bsparky asked you:
In response to your “Jesus loves you” post, recently I’ve been hearing a lot about how God doesn’t love everyone (I’m still learning). And after thinking about it, it’s pretty true that God doesn’t give grace all the time (He owns entire tribes of people, Great Flood, etc) and does explicitly say that He hates certain people (God loved Jacob but hated Esau). How do I reconcile that, or more importantly, how to I tell non-believers that?
You know, I hear a question underneath the question here.
None of this will probably ever compute for a non-believer. When we isolate a few things from the Bible and dig into “Why-God-Why,” then we’re missing the point of what God is doing in history. Most people who bring up these things make it into a “Yeah gotcha!” — as if picking apart Bible semantics somehow erases what Jesus did for us. But I’ll play along and tackle the theology first.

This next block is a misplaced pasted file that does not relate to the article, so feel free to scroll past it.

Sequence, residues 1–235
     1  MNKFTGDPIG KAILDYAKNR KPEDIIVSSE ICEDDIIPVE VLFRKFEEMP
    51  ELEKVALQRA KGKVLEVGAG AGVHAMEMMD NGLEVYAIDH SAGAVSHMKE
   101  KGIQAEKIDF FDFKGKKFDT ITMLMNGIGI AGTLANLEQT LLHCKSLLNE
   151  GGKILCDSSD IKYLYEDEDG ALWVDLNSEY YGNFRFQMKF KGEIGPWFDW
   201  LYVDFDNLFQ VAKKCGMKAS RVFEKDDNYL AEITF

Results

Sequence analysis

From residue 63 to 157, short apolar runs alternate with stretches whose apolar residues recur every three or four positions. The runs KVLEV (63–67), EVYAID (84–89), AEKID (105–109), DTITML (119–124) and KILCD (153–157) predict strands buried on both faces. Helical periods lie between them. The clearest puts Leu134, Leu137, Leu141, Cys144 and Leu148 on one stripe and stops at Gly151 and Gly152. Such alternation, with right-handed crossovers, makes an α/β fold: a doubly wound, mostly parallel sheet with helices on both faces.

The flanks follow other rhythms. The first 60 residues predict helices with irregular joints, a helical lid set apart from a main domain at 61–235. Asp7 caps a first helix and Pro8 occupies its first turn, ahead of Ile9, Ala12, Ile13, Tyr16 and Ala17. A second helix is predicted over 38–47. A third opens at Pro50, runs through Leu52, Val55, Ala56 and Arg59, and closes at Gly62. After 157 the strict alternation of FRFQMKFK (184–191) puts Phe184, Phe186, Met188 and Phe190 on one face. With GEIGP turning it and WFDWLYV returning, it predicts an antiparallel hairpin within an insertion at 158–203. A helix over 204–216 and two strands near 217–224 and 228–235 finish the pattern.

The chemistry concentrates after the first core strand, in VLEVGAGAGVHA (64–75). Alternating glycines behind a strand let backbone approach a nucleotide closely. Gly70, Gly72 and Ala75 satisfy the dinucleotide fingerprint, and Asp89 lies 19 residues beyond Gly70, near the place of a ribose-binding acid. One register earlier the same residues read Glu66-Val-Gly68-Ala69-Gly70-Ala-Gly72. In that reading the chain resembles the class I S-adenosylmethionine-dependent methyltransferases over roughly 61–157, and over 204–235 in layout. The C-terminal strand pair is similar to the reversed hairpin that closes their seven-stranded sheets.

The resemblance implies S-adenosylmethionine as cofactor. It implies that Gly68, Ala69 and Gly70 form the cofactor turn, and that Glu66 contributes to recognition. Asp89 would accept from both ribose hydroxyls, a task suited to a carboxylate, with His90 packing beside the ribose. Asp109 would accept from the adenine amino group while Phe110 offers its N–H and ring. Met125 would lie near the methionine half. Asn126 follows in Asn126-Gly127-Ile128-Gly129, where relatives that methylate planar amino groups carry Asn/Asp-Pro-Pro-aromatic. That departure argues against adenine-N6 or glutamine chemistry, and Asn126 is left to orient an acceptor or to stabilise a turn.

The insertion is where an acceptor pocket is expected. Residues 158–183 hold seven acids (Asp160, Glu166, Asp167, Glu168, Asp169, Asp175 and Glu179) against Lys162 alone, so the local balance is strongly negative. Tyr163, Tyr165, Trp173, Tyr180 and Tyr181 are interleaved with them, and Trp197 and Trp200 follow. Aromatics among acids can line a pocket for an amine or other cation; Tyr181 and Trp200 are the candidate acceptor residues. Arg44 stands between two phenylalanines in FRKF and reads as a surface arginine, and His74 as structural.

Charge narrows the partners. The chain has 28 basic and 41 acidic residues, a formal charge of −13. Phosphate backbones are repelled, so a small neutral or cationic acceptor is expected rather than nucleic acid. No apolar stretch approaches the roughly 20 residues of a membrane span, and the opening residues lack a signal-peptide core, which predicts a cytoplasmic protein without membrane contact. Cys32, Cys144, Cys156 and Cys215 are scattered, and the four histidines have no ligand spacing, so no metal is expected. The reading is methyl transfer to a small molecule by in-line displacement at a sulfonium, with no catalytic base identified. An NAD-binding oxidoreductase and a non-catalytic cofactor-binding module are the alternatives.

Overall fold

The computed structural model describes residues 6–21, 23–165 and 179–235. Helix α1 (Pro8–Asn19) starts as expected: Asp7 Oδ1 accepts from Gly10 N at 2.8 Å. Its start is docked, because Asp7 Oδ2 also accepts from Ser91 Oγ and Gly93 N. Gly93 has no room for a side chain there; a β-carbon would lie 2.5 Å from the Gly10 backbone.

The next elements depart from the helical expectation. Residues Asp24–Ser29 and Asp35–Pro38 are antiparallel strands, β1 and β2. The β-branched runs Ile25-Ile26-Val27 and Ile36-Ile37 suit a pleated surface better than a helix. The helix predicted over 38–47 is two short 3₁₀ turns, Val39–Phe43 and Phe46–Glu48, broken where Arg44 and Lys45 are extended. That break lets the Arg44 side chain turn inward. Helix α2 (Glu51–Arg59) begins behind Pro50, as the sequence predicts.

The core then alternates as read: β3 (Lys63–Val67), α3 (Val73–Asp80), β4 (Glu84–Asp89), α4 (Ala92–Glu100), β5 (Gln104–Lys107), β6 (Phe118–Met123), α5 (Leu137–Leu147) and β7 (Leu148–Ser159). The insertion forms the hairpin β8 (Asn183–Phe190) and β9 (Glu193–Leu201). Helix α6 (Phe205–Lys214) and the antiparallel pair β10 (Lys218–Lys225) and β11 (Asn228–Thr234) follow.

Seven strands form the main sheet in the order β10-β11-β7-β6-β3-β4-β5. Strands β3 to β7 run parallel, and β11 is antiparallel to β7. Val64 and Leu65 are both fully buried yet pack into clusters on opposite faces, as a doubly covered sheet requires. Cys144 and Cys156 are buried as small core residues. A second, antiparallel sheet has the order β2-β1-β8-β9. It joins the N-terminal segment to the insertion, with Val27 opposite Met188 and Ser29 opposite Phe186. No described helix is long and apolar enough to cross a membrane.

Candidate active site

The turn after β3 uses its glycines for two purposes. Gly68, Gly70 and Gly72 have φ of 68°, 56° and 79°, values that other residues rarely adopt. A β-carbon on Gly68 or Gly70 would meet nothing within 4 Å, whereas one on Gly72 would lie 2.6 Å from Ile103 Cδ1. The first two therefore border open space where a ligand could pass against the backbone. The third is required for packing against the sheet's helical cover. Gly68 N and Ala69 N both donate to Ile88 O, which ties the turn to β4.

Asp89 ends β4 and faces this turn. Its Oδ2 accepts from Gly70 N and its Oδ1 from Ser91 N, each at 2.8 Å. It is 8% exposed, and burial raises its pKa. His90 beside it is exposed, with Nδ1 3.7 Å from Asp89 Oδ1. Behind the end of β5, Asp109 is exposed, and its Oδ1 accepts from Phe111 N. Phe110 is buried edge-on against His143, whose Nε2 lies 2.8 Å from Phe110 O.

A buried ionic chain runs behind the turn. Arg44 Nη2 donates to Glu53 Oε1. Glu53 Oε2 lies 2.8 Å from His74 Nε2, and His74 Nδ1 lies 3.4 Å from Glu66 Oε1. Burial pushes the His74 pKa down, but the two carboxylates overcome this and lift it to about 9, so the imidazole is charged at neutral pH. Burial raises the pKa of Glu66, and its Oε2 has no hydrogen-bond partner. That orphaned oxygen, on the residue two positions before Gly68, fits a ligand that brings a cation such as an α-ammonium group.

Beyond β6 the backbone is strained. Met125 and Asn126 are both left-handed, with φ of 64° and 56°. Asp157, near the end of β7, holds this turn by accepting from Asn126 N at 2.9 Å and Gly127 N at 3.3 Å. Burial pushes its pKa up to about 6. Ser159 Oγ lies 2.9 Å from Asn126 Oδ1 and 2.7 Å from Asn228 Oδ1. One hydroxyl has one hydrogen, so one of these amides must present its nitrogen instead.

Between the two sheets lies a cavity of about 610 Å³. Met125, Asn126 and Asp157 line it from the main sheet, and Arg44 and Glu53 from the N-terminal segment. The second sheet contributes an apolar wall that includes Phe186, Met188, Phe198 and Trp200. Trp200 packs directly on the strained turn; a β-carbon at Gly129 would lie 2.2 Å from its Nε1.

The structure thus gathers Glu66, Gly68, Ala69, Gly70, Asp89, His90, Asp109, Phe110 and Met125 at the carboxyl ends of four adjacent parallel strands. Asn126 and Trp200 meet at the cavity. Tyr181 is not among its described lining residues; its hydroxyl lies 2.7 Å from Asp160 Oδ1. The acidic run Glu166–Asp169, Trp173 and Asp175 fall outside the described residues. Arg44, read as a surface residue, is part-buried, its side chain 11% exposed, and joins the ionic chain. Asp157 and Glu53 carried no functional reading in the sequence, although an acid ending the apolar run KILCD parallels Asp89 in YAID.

Please allow me the grace to get pastoral-nerdy here. One day when I raise my future children, I will most definitely have to discipline them. This means time-out, fifty push-ups, mow the lawn, or I take away everything they own (which I bought them anyway). This temporal act of unpleasant discipline does NOT change the reality that I love them, but actually enforces it. At the moment they might think, “I wish I had a different dad,” but their bloodline and my father-status can never change.
God, who exists outside of time, often uses temporal acts that appear to be pretty dang rough. I’ve sincerely struggled with the Old Testament because it’s full of bloody, bizarre, outrageous acts of divine intervention that don’t always make sense. But in the greater context of each temporal action, God retains a timeless nature over us that is inflexible. He can also see the Bigger Picture, and His discipline is an eternal vision for our story. God in macro is love; God in micro does not always appear so.
As someone once said, “God often uses what He hates to achieve what He loves.” That’s a pat answer for cancer, car accidents, and earthquakes, but we also remember this broken world is not our final home, and God’s love is a finale that transcends our passage of time on this earth.
Continue reading “Question: God Loves Everyone, Except Esau”